Health and well-being

Ten tips for a better night’s sleep

28/12/2023
4 min

The best way to start the day is with a good night's sleep! Unfortunately, many of us suffer from sleep problems, insomnia or simply reduce our hours of sleep when we feel we're running out of time to get everything done while awake. That being said, in addition to feeling tired, there are major health risks associated with a lack of sleep.

As 2024 rolls around, why not adopt some good sleep habits!

Did you know that sleep is something you prepare for during the day? Both daytime and night-time behaviour have a direct impact on the quality of our sleep.

Here are 10 simple tips to help you sleep better at night!

1. Maintain a regular sleep schedule

Maintaining a fixed bedtime and wake-up time ( give or take 30 to 45 minutes), even over the weekend, helps to synchronise your biological sleep clock. Although it may seem difficult, it's especially important to keep the same morning wake-up time, even after a bad night's sleep, since staying in bed in the morning can have a negative impact on the following night. The best sleep schedule is one that suits your needs according to your age, your chronotype (early bird or night owl), the type of sleeper you are (short, medium, long) and the external demands you have to meet (for example, work or school schedules).

2. Create a pre-sleep routine

Setting aside 30 to 60 minutes before bedtime to do a pre-sleep routine can help prepare your brain and body for sleep. A regular routine looks different for different people, but can include a series of relaxing activities such as getting into pyjamas, brushing your teeth, reading a book, listening to soothing music and so on. Whatever your night-time routine looks like, try to limit exposure to light (including from electronic devices) and try to stay out of the bedroom until you're ready to sleep.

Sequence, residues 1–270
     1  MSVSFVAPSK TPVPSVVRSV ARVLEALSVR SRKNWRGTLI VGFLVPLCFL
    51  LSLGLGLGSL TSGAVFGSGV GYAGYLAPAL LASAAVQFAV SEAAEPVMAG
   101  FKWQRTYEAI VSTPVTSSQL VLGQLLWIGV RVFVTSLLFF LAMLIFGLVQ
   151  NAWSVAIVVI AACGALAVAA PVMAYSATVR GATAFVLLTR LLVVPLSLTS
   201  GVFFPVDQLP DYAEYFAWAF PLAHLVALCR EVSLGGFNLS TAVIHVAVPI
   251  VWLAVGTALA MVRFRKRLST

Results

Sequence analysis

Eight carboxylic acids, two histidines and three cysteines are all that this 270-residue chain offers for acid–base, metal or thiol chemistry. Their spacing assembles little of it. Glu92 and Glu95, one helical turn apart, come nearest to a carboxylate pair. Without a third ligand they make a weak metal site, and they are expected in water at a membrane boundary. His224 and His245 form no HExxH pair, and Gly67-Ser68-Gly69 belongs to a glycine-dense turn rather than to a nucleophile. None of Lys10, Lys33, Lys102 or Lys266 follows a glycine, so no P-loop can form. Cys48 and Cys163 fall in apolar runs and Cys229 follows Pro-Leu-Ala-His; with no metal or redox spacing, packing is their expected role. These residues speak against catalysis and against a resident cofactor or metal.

3. Turn your bedroom into a peaceful haven

An ideal sleeping environment is dark, quiet and cool (around 18 degrees Celsius). For example, thick curtains, eye masks, earplugs or white noise can help to create this ideal sleeping environment. Comfortable bedding, mattresses and pillows are also key.

4. Create a positive association between bed and sleep

If you spend your time in bed eating, reading, watching TV, working or even thinking, your brain will associate the bed - and the bedroom - with being awake. The idea is to create a new, positive association between the bed and sleep (and not the state of being awake). To achieve this, the bedroom must be reserved ONLY for sleep and privacy.

A few more basic rules can help:

a) Only go to bed when you are really tired.

b) If you are not asleep after about 20 minutes ( this is subjectively assessed), leave the room, do a non-stimulating activity in a dimly lit area and return to bed only when you are sleepy. Repeat this step as many times as necessary.

c) Don't look at the clock, it only adds unnecessary pressure and anxiety.

5. Avoid all exposure to bright light at night